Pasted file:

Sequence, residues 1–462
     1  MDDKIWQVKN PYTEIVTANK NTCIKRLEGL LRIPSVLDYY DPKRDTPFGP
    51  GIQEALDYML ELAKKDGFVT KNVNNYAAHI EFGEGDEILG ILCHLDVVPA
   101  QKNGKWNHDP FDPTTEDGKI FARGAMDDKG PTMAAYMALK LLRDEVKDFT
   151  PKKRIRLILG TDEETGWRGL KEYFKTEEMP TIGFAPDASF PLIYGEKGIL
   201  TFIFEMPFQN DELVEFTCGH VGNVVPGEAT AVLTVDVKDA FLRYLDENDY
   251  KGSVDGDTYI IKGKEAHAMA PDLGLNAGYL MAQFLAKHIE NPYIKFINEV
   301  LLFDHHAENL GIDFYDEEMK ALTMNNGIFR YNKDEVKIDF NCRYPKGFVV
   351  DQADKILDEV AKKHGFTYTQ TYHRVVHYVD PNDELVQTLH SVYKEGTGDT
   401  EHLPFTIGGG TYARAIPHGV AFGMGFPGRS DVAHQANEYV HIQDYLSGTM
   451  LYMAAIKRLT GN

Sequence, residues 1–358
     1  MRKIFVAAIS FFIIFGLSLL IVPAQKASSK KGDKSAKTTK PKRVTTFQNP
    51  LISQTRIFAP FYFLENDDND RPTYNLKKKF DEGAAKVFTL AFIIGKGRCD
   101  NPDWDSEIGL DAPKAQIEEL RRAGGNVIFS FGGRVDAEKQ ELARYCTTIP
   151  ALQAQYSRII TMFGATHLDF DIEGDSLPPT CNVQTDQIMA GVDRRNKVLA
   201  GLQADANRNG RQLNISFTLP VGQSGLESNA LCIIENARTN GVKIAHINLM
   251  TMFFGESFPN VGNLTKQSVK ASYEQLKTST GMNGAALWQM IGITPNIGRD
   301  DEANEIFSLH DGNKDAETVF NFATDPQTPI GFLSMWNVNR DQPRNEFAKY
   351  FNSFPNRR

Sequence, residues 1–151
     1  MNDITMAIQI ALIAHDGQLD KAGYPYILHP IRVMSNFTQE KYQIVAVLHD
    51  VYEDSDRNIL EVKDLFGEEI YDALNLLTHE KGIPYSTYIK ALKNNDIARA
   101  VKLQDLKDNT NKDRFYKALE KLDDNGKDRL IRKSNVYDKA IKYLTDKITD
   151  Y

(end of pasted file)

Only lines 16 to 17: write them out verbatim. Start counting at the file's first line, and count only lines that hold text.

   151  ALQAQYSRII TMFGATHLDF DIEGDSLPPT CNVQTDQIMA GVDRRNKVLA
   201  GLQADANRNG RQLNISFTLP VGQSGLESNA LCIIENARTN GVKIAHINLM